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1 Personal Financial Planning Chapter 1, Financial Planning Process.

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1 1 Personal Financial Planning Chapter 1, Financial Planning Process

2 2 Personal Financial Planning Why plan? Planning: provides control creates options for the future Who needs to plan?

3 3 Where You Are Financially Determine “where you are” financially: establish: –Create a personal balance sheet showing assets at market value & liabilities to determine net worth. –Analyze your cash flow by listing income & expenditures.

4 4 Set Goals Financial goals: identify what is important to you.

5 5 Records & Budget Records: Find a simple system you will use. Budget: Establish limits on spending, by category.

6 6 Shortfalls & Debt Many people in recent years got into trouble with debt. In 2009, 1.4 million Americans declared bankruptcy. More Americans declared bankruptcy last year than graduated from college.

7 7 Personal Financial Planning Chapters 2-6, Building Wealth

8 8 Investing for Retirement Employer-sponsored retirement: –In 1980, 70% of full-time employees worked for employers with a defined benefit retirement program. –After working a required period (often 20 years) for the same employer, you qualified (were “vested”) for a pension based on years of service and your salary.

9 9 Defined Benefit Retirement Program –Defined benefit: your pension is based on a fixed formula. –Once vested in a defined benefit retirement program, your pension upon retirement (after 20 years of employment) might be: Annual pmt = 20 x 2.5% x highest year’s salary

10 10 Investing for Retirement Now, most employers offer a defined contribution plan: –A portion of your salary is withheld –Employers sometimes match your contributions –Participation is often voluntary –You decide how your funds are invested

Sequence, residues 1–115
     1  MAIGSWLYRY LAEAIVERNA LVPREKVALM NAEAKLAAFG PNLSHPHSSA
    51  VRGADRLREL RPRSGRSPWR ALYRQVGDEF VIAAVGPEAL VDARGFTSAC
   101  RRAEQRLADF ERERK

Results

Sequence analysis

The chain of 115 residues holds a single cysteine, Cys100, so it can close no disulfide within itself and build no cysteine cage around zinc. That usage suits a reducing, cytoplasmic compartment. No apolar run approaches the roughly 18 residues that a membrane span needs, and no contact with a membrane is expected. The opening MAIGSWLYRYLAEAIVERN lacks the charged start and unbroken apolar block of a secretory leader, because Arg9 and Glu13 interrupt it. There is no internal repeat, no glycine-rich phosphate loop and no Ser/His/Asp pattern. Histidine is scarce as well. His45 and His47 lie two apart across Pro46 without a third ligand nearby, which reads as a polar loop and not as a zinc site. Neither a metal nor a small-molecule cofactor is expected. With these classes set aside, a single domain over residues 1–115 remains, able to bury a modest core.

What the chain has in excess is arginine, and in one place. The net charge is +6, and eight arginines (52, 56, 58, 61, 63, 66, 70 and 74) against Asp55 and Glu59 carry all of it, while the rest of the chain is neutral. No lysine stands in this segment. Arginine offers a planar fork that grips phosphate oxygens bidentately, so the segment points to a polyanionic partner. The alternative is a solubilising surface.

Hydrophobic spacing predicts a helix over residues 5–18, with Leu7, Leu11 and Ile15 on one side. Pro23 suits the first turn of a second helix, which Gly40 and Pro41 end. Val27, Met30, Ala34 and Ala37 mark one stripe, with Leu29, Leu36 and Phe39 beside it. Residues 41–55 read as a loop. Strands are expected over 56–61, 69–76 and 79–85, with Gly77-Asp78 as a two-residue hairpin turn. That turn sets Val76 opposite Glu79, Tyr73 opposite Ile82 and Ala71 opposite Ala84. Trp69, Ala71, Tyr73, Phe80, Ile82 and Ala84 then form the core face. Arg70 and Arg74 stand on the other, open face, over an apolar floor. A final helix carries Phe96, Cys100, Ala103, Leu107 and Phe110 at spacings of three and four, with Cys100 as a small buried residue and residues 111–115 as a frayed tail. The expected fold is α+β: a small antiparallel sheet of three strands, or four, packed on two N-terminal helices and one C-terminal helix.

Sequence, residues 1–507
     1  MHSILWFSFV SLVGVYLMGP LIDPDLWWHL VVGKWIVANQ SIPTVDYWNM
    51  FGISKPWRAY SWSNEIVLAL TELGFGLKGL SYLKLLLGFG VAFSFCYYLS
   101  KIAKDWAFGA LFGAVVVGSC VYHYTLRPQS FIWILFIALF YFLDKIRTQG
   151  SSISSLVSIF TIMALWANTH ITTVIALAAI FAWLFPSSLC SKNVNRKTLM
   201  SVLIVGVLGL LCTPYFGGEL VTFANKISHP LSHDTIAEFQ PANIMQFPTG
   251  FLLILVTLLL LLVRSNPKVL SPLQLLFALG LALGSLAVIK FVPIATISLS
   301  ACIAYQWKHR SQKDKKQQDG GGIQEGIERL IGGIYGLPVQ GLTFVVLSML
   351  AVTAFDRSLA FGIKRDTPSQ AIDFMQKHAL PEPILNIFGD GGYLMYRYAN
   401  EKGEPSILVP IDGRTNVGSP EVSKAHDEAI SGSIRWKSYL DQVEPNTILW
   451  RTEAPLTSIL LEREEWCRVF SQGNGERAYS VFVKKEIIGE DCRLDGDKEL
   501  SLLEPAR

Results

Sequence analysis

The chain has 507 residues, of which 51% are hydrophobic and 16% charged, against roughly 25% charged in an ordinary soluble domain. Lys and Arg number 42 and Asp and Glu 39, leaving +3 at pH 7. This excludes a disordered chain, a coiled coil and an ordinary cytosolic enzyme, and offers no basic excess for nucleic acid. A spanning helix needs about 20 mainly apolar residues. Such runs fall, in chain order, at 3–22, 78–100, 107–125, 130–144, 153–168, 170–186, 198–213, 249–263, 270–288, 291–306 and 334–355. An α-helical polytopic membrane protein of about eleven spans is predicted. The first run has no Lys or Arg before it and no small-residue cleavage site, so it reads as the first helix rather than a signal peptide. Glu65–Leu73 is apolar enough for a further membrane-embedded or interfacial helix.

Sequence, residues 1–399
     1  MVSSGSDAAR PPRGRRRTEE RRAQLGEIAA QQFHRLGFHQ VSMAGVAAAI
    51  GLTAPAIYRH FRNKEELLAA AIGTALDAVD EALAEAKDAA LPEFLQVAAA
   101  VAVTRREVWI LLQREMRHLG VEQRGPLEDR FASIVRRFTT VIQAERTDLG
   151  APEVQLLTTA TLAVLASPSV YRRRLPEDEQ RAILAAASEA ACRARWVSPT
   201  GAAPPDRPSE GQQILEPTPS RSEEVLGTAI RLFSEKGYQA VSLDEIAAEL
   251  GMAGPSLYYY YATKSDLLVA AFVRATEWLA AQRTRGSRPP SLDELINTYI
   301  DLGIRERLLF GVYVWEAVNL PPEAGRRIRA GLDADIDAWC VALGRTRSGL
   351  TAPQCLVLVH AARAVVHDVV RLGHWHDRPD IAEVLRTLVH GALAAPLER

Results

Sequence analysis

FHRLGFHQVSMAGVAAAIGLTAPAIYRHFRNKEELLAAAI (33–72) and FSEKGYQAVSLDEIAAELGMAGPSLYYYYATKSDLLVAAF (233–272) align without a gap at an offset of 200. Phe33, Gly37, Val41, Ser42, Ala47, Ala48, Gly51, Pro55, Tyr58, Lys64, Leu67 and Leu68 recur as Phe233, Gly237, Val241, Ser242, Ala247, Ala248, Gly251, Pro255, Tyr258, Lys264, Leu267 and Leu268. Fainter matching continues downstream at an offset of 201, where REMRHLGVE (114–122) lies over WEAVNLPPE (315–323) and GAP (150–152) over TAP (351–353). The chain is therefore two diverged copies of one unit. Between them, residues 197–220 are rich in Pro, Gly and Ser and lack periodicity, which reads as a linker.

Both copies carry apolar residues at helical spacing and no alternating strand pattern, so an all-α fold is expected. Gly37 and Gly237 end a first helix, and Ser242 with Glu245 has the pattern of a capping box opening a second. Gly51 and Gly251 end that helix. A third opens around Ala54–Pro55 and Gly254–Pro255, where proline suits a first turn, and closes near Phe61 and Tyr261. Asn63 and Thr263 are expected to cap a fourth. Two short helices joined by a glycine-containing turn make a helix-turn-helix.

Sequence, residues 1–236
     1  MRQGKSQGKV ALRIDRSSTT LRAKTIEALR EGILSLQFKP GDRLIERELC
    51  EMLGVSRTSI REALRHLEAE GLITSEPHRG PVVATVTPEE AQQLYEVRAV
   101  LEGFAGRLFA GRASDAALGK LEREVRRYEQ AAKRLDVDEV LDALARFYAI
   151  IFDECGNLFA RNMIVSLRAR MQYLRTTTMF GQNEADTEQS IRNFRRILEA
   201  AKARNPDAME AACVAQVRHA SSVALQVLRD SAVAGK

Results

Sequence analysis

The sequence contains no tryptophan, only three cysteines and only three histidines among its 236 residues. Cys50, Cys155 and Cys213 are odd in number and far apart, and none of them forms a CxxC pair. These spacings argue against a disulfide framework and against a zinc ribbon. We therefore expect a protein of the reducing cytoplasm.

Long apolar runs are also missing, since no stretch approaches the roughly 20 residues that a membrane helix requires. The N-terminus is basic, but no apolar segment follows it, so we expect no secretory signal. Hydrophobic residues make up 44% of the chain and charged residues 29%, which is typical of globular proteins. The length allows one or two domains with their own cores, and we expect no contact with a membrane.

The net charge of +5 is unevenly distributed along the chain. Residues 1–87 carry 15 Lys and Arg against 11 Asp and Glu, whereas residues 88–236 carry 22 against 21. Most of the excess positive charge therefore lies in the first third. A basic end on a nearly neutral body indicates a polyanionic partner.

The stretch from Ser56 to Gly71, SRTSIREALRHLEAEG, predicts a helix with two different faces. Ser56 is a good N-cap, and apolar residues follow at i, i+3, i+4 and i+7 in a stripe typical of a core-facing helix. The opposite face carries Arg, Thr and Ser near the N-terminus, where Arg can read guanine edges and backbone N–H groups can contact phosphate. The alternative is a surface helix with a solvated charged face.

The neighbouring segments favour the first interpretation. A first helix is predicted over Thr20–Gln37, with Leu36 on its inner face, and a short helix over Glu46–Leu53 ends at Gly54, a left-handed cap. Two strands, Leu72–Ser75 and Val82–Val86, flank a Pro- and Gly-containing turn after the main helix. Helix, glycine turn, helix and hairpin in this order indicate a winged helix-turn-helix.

11 11 Investing for Retirement Median U.S. income: –All married couples: $50,000 –Newly retired couples: $30,000 Approximately $20,000 from Social Security Approximately $10,000 from all other sources (largely part-time employment)

12 12 Investing for Retirement Do Americans save enough for retirement? NO! –The median amount of total savings and investments (including retirement accounts) of U.S. adults is less than $25,000. –Less than 25% of working adults are “very confident” of having enough money to retire. –Only 42% have tried to calculate how much they need for retirement

13 13 Investment Planning First step in investment planning: Set goals Factors affecting investment goals: –Time horizon –Priorities –Your cash flow situation (including job security) –Personal profile (age, wealth, tax status, risk tolerance)

14 14 Financial Concepts Basic financial concepts a. Risk-return tradeoff b. Diversification c. Asset allocation d. Dollar cost averaging e. Importance of tax shelters

15 Investment Strategy Another important consideration: take advantage of payroll deduction: Payroll deduction makes saving and investing automatic. By investing every month, you take advantage of “dollar cost averaging.” Employers often match your contributions. Tax shelters (401k accounts, IRAs) defer payment of taxes. 15

16 16 Implement Your Strategy When to buy: on a regular basis. One of the biggest mistakes investors make is to “time the market.” This usually results in buying high and selling low. Saving and investing through payroll deduction avoids trying to second guess which way the market is going.

17 17 Mutual Funds The most popular method of investing in stocks and bonds is through mutual funds. When you invest in a mutual fund, you become part owner in the portfolio of securities held by the fund.

18 18 Mutual Funds Mutual funds offer: –Professional management –Record keeping –Diversification –Low transaction costs (in some cases)

19 19 Mutual Fund Information Sources of info on mutual funds include: –Morningstar –Value Line –Investment Company Institute –Popular press (Wall Street Journal, Barron’s, Business Week) –Prospectus –Fund’s website

20 20 How to Pick a Mutual fund In comparing mutual funds, look for: –No load –Low fees –Matches your objectives and risk tolerance –Tax efficiency –Good recent performance (3-5 years) –No recent change in management

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